The Bronze Age

It is known at this time there was actually a stone axe head “factory” at Killin and that products were sent all over the country. Relics dating from approximately 1700 B.C. are commoner. This was the early Bronze Age; a fine eight-pound stone hammer head was excavated near Drumchapel was part of the many relics found belonging to this period. All can be seen at Kelvingrove. Between 4,000 and 5000 B.C. the Gaels later called the Celts came to Scotland from North West Europe, they were splendidly skilled in the fashioning of metal and they brought to our land a great variety of tools. Articles such as bronze ploughshares, which made for better farming and greatly, improved crops.

They also brought weapons, good lands were becoming scarce (some things never change) there was much raiding and warfare. With the coming of the Gaels they used the bronze more and more to make swords, spears and arrowheads. A particularly beautiful archaeological find was leaf shaped bronze sword found near Bowling.

The newcomers were also intermarrying with the natives who gradually adopted their language, which was Gaelic, one of the oldest of all living languages. The form in use was not that spoken in the highlands today but Cymric, a form almost as identical to modern day Welsh.. Many of the articles mentioned and more besides can be seen in the Kelvingrove Art Galleries or the Peoples Palace at Glasgow Green.. A time came when these sturdy tribes had to reckon with the power of Rome. Julius Caesar’s troops had landed on English soil in 55 B.C. however the legions did not reach Scotland until 79 A.D. It appeared at this time many of the natives were living in towns and villages they were doing quite an extensive trade in the export of corn, metal and slaves.

Caesar in his own words was reported to have said of the invasion, with considerable interest that he had found the natives lived in palisade strongholds standing in marshes. These were the kind of strong holds we call “Crannogs”.

Swiss examples of this type of dwelling have been proved to date back to 2000 B.C. Crannogs have been found in many parts of Scotland including Glasgow (at Bishoploch and Lochend) and these could be as old.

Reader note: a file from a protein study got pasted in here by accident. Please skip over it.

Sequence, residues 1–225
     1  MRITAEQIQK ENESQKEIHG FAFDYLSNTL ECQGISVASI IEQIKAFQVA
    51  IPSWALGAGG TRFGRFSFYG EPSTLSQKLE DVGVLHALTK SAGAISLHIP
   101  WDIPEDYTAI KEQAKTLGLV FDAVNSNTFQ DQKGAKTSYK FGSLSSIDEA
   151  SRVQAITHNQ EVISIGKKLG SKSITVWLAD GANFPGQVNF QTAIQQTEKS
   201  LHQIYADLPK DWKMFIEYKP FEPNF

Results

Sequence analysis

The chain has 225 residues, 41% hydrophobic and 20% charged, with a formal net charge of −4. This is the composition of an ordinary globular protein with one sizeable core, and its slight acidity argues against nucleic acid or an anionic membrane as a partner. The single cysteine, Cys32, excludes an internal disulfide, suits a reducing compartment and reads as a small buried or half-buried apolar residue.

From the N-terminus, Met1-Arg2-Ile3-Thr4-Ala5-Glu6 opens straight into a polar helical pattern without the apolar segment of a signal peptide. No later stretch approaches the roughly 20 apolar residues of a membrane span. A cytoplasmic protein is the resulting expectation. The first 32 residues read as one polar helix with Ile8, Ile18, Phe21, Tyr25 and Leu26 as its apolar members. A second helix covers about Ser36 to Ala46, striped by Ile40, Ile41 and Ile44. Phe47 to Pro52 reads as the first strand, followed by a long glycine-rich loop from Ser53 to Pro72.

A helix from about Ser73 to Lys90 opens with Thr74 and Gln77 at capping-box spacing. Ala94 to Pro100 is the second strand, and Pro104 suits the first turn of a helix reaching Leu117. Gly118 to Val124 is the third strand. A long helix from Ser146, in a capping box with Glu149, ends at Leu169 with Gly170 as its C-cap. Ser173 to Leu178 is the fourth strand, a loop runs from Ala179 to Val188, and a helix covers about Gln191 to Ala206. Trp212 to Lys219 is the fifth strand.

Some of these curious buildings stood on the original banks of the Clyde hardly a stones through from Drumchapel, the finest of these finds were at Erskine and another at Old Kilpatrick.

They were built on stilts in the water of a loch or Marsh or the shallows of a river. They required a vast quantity of wood for their construction a pointer to the wooded character of the landscape of the time.

Within the Erskine Crannog were found a variety of articles including a stone hammer, a stone anvil and a number of pottery utensils for cooking, serving or storing food and quite a quantity of food refuse including sheep and ox skulls.

All of these are on view at Kelvingrove and an excellent model of the crannog itself. All date from the Early Iron Age. Perhaps, the 1st or 2nd century.

It is worth mentioning that a well preserved ladder made from a piece of black oak was dredged from the Clyde near Milton and is also on view at Kelvingrove.

The religion of these people was Druidical and a Great Druid Temple was discovered on the very doorstep of Drumchapel, which we shall come to later.

At that time there was otters, foxes, badgers, polecats, stoats and weasels were in abundance in that part of Scotland and packs of wolves came down from the Old Kilpatrick hills in search for food.

Even1500 years later, local farmers were so troubled by the wolves which invaded the district that they paid a levy called “Watch Mail” to the Governor of Dumbarton Castle for long after the heavily wooded forest cover had been substantially cleared and the inhabitants in protection of their stocks had turned to agriculture. In 1330 fourteen farmers operating the land to as far down as Yoker, paid this annual charge amounting to 5 chalders of meal or its value in cash.

A farmer Smith who cultivated the part of the Cochno estate reaching to Yoker burn made the last recorded payment of this charge as recently as 1881.

Latterly the charge was reduced to a fixed nine shillings a year, The long suffering taxpayer will learn without surprise that for hundreds of years the Government had annexed this payment, but had given nothing in return.
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